King’s Christmas message to pay tribute to Queen’s legacy

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Desk report: King Charles is set to include a tribute to his mother, Queen Elizabeth II, in his first Christmas message as monarch.

An image of Charles delivering his speech, which is due to be broadcast on Christmas Day at 15:00 GMT, shows the King in St George’s Chapel, Windsor.

In her final Christmas message, the late Queen spoke of “passing the baton” to the next generation.

And her son’s first Christmas Day message will remember her legacy.

This will be the first televised annual royal Christmas Day broadcast not to be presented by the late Queen, who appeared in the first TV message in 1957.

The photo of the King shows him recording this year’s message in the chapel where a committal service was held during the Queen’s funeral in September.

Both his mother and father, Prince Philip, are buried in the George VI Memorial Chapel within St George’s Chapel.

The picture, released by Buckingham Palace, shows King Charles standing in front of a Christmas tree with plastic-free, recyclable decorations and arrangements of holly and ivy in the background.

This year sees the King and Camilla the Queen Consort return to the tradition of spending Christmas in Sandringham, Norfolk, after concerns about Covid and Queen Elizabeth’s health kept the Royal Family in Windsor last year.

The Prince and Princess of Wales are among the senior royals expected to be with King Charles for Christmas.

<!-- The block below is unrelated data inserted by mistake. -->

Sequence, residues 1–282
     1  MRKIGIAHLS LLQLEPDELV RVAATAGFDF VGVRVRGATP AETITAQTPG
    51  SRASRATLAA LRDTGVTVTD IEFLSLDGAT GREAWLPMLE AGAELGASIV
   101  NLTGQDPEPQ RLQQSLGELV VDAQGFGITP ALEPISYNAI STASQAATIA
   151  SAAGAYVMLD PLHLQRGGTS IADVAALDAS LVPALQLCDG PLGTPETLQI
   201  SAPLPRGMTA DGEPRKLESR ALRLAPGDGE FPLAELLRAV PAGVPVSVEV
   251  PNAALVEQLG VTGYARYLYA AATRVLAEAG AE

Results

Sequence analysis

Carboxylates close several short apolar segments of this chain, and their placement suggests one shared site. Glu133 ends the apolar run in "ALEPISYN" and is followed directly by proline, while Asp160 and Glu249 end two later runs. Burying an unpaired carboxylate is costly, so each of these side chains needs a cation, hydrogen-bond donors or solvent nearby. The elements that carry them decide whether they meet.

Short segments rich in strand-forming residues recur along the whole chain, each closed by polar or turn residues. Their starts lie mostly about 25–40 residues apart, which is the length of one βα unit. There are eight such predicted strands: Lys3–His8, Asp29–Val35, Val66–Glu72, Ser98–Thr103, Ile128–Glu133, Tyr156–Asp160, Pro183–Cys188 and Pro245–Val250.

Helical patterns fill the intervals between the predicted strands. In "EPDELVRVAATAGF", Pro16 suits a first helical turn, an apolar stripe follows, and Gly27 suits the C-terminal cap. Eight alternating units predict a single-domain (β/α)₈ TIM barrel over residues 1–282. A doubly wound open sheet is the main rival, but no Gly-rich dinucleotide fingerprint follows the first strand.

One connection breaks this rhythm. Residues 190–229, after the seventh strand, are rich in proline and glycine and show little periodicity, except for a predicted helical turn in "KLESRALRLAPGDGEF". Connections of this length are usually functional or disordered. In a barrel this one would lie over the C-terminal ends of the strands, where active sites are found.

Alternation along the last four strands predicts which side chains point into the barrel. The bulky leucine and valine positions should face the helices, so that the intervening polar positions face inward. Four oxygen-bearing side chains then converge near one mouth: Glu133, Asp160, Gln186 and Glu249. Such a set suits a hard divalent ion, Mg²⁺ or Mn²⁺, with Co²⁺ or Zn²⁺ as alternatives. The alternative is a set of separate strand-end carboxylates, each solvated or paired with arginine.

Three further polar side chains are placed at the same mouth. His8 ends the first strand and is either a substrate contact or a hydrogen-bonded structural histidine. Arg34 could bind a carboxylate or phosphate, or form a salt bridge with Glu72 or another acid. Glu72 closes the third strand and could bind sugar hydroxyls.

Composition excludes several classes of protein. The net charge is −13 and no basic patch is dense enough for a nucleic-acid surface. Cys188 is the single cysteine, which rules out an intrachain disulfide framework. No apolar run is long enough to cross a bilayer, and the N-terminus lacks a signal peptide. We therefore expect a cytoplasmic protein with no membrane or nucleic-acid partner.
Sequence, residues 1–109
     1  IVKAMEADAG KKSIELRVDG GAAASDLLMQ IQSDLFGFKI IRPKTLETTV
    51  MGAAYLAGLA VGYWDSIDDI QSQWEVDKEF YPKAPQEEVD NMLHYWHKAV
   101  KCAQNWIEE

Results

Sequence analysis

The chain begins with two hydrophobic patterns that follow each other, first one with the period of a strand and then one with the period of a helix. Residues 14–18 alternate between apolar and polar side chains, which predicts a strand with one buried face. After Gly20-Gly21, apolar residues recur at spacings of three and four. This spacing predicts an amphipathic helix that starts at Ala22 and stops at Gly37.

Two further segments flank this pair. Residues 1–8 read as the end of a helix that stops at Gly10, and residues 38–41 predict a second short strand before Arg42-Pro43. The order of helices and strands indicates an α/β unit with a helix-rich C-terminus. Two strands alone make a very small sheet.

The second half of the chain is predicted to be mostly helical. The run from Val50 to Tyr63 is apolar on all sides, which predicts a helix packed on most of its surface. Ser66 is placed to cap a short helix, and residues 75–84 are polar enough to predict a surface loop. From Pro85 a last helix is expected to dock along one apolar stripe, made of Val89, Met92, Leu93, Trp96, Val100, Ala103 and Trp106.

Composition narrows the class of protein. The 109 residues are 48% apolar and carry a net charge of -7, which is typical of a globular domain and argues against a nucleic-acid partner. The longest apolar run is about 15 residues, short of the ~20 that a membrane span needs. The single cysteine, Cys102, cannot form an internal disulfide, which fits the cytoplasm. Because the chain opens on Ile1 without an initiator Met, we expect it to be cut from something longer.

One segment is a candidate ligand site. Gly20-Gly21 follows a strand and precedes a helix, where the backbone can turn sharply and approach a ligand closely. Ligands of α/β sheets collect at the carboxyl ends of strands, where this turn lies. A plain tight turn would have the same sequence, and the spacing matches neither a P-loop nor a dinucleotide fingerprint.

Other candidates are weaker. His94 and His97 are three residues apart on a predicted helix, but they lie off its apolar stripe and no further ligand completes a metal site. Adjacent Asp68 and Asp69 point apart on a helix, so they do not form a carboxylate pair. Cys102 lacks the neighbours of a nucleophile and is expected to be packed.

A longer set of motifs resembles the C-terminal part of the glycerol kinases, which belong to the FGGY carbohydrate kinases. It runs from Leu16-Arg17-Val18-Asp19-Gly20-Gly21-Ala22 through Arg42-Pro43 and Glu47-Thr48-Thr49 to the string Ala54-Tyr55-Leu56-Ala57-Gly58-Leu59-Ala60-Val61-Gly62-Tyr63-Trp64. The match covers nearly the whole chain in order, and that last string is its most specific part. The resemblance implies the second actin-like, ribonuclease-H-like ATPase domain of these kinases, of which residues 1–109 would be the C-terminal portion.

In her 2021 Christmas message, the Queen gave a highly personal tribute to her “beloved” Prince Philip, who died in April of that year.

Her broadcast was the most watched programme on Christmas Day in 2021, drawing almost nine million viewers.

The King’s Christmas Day broadcast continues a tradition going back 90 years.

The first royal Christmas broadcast was a live radio speech in 1932, delivered from Sandringham by George V, with the script written by the author Rudyard Kipling.

In 1957, Elizabeth II delivered the first televised message, saying that it was a technological landmark that “television has made it possible for many of you to see me in your homes on Christmas Day”.

The message became part of many families’ Christmas celebrations and the first televised broadcast in 1957 set a familiar pattern.

The national anthem was followed by the monarch speaking directly to the camera, with a speech that included Christmas greetings, a religious lesson, support for the Commonwealth, a round-up of the royal year and a moral message for the times.

In 1957 it meant a warning about values in public life, criticising a culture of “self-interest”.

The timing of the Christmas broadcast was originally set for 15.00 GMT as best for reaching the most countries in different time zones around the world

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